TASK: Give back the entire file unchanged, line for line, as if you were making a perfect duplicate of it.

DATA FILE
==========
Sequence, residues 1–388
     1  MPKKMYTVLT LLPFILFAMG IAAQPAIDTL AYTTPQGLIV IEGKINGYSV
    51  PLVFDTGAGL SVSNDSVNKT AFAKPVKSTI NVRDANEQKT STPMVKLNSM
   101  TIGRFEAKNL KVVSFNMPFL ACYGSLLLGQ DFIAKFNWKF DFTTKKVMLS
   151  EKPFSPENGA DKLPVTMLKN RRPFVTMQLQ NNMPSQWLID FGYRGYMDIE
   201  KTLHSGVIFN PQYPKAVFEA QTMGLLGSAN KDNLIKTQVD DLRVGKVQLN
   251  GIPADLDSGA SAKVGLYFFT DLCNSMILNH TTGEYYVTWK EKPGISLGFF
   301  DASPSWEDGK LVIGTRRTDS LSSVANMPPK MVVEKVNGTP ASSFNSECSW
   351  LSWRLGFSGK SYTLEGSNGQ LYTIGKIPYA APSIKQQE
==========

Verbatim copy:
Sequence, residues 1–388
     1  MPKKMYTVLT LLPFILFAMG IAAQPAIDTL AYTTPQGLIV IEGKINGYSV
    51  PLVFDTGAGL SVSNDSVNKT AFAKPVKSTI NVRDANEQKT STPMVKLNSM
   101  TIGRFEAKNL KVVSFNMPFL ACYGSLLLGQ DFIAKFNWKF DFTTKKVMLS
   151  EKPFSPENGA DKLPVTMLKN RRPFVTMQLQ NNMPSQWLID FGYRGYMDIE
   201  KTLHSGVIFN PQYPKAVFEA QTMGLLGSAN KDNLIKTQVD DLRVGKVQLN
   251  GIPADLDSGA SAKVGLYFFT DLCNSMILNH TTGEYYVTWK EKPGISLGFF
   301  DASPSWEDGK LVIGTRRTDS LSSVANMPPK MVVEKVNGTP ASSFNSECSW
   351  LSWRLGFSGK SYTLEGSNGQ LYTIGKIPYA APSIKQQE